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Despite calls for Republican unity, some Greg Vital donors won't be supporting Todd Gardenhire's state Senate bid against a Democrat.
"I'm not giving to Todd's campaign," said Chattanooga accountant Tom Decosimo, a prominent Republican donor and Vital's former campaign treasurer. "Plenty of other people can give."
A key fundraiser for U.S. Rep. Chuck Fleischmann, Decosimo cited his involvement in other races and stressed that "it's nothing against Todd," but his remarks capture a common thread within Vital's vast fundraising network. Numerous donors are simply unwilling to move on after Gardenhire accused Vital of dishonesty, campaign sabotage and bragging about his personal wealth.
The reluctance to help Gardenhire defies old-school GOP dogma, which implores Republicans to drop hostilities and support the nominee after a nasty primary.
"To me it's still a little early," said Associated General Contractors of East Tennessee President Roger Tuder, who gave $1,000 to Vital's campaign. "It's barely been a month. I think we need to sit here and digest some of this stuff.
"I'll see what both candidates have to say."
Republican leaders viewed the 10th District seat now occupied by Democratic Sen. Andy Berke as a pawn in the game of dominating the Senate. Republicans hold a 20-13 advantage over Democrats; flipping two seats in November would give them a two-thirds advantage. After Republicans redrew the district's lines to favor their party, Berke declined to seek re-election and is running for Chattanooga mayor.
But Republicans haven't mended fences to ensure they'll win the seat. After Lt. Gov. Ron Ramsey postponed what party officials called a "unity" news conference for Gardenhire and Vital, no one followed through and the event never happened. The inaction followed constant drama in a campaign that got personal.
Amid revelations that Vital embellished his educational history -- he told a group of Republicans that he graduated from college when he only attended -- Gardenhire dubbed his opponent "Pinocchio." He said Vital was behind an anonymous mailer that included potentially damaging but incomplete information about a failed Gardenhire marriage. Later, Gardenhire claimed Vital said he had "more money than God" in an attempt to push him out of the race.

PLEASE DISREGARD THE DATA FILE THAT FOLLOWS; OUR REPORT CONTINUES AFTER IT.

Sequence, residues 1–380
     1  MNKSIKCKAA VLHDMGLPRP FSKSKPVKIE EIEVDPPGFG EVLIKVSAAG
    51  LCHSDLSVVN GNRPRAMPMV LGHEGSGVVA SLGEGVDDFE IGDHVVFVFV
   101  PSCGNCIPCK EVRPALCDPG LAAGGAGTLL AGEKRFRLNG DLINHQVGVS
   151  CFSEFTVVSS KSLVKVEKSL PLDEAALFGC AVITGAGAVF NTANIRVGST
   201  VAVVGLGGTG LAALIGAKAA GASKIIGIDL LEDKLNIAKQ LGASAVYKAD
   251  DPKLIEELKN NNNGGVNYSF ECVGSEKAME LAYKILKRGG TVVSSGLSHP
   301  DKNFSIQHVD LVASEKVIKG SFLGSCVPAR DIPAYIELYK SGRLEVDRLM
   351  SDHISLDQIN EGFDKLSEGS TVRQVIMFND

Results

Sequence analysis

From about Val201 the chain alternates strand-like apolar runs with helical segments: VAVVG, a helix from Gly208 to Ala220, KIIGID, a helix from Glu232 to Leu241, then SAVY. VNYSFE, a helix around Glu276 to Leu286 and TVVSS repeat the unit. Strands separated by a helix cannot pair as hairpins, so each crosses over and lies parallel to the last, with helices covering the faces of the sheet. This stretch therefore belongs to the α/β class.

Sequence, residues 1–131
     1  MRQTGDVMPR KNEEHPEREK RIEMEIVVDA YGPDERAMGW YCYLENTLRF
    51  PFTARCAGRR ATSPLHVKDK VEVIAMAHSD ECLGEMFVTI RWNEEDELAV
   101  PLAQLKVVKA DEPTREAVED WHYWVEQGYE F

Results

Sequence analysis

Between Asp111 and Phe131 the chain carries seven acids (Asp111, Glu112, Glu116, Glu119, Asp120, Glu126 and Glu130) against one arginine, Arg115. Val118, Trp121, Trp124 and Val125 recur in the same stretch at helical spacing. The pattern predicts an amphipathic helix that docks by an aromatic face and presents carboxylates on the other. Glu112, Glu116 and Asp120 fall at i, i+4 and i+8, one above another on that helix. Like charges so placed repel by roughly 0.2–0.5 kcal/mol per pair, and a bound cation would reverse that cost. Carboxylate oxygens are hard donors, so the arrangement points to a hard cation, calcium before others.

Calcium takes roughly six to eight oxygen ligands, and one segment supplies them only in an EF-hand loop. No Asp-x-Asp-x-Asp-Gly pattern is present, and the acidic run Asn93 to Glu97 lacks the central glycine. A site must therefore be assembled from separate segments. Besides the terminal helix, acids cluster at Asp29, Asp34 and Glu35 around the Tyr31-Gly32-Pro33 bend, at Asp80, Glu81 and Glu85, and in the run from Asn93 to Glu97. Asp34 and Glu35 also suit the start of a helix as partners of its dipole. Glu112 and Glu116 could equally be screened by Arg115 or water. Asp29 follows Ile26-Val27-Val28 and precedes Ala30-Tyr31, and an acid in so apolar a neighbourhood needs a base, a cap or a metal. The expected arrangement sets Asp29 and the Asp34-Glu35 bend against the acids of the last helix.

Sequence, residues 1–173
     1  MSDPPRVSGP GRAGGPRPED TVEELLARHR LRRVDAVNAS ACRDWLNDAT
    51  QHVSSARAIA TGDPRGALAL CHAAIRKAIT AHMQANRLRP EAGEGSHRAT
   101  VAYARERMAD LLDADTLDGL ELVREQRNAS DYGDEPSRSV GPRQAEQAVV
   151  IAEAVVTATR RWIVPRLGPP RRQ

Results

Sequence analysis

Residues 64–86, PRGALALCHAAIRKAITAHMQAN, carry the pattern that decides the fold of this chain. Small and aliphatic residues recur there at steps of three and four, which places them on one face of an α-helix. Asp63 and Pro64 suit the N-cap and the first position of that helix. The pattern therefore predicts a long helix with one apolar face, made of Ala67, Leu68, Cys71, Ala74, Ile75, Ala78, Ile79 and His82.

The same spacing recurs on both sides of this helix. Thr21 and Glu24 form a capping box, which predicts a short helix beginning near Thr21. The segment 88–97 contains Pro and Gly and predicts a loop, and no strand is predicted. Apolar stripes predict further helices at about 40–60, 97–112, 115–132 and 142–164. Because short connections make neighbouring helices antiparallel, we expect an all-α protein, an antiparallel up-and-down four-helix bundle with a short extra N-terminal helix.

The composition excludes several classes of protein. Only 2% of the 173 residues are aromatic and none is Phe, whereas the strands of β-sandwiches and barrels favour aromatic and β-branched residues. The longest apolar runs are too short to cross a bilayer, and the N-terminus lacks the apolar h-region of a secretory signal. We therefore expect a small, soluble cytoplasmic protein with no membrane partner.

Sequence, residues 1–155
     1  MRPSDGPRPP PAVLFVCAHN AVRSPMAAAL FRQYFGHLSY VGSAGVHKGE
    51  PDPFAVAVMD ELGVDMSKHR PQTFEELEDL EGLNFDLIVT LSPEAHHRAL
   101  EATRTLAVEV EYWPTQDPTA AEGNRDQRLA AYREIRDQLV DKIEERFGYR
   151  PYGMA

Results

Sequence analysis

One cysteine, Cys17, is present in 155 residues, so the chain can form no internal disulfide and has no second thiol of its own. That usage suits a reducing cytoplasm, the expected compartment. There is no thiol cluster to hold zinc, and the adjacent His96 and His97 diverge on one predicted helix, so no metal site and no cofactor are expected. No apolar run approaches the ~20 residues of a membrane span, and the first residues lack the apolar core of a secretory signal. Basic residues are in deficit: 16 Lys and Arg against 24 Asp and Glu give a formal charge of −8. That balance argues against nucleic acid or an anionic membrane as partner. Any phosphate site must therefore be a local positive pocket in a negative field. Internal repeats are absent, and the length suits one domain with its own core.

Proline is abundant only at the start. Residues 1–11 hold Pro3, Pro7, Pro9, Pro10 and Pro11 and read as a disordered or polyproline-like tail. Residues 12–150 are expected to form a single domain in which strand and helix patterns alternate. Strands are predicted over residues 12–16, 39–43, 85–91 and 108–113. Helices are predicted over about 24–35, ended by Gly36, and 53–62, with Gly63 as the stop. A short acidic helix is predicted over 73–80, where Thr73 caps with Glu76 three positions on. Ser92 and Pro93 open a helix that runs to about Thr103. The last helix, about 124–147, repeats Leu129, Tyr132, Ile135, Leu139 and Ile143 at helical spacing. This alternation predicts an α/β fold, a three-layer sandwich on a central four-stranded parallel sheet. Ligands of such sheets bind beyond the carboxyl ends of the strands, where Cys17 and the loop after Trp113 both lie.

Vital apologized for his statements about college but denied the other two accusations. He did not endorse Gardenhire after the primary, and donors said he's never encouraged them to help the man who beat him by 45 votes.
"Greg has said nothing to me about it," Decosimo said. "Quite frankly, it's just been quiet."
After he conceded the race, Vital "thanked us for his support and didn't even mention [Todd]," said Charlotte Peak Jones, a Bradley County commissioner among the first Vital donors.
Meanwhile, Gardenhire may need the money. After supplementing his campaign with $57,000 in personal loans, Gardenhire said he has $30,000 left but admitted unspecified debts from the primary.
His opponent, Chattanooga City Councilman Andraé McGary, is beginning to hit the fundraising circuit after a decisive victory in the 10th District Democratic primary. He said his count is approaching $20,000.
A few Vital supporters have made the Gardenhire switch, mentioning the importance of winning GOP-friendly geography in the newly redistricted 10th, which includes parts of Bradley and Hamilton counties.
"It's not always great when a race gets nasty like that one did," said Cleveland construction executive Duane Gilbert, "but when it's over, it's over, and you begin a new race. We're with Todd now."
Other Vital allies aren't so sure.
"I do plan to help Todd Gardenhire, but actually I really like Andraé McGary, too," said Cannon Montague, a Lookout Mountain sculptor. "I'll probably give to both of them. You're talking to an independent voter."
Head of a chain of nursing homes known as Morning Pointe, Vital declined to comment on Gardenhire.
"Election over on August 2," Vital said in a text message. "Enjoying my family and company."
Gardenhire shrugged off his mixed results among the Vital faithful. He said his meetings with Vital donors were picking up steam. And compared with the presidential race and congressional elections, he said, his race is "low on the totem pole."
Some Vital donors publicly take that stance, too.
"I might consider something for Todd -- I am about tapped out on political races," said investment executive Paul K. Brock Jr., the former Scottie Mayfield congressional campaign finance chairman who gave $1,000 to Vital. "At some point you've got to say there's no more fruit on this tree."
But Gardenhire may have fueled some negativity after refunding several checks to donors who gave to both him and Vital.
In a July 17 letter to eight donors -- including Joseph Decosimo, Tom's father -- Gardenhire said he has always encouraged candidates against accepting "donations from individuals who are giving to both sides in a campaign."
"I have kept that rule in place," the letter said, adding that if "you feel that I am more qualified than my Democrat opponent ... we can talk about it then."
Only one donation has been returned, Gardenhire said.
Still, he prides himself on beating Vital despite being outraised, outspent and outlent by huge margins. But it's an argument McGary can use, too -- he won a pivotal 2009 City Council race as the underfunded candidate.
"We can make a lot out of a little," McGary said. "This campaign will squeeze the life out of every single dollar."
Contact staff writer Chris Carroll at ccarroll@timesfree press.com or 423-757-6610.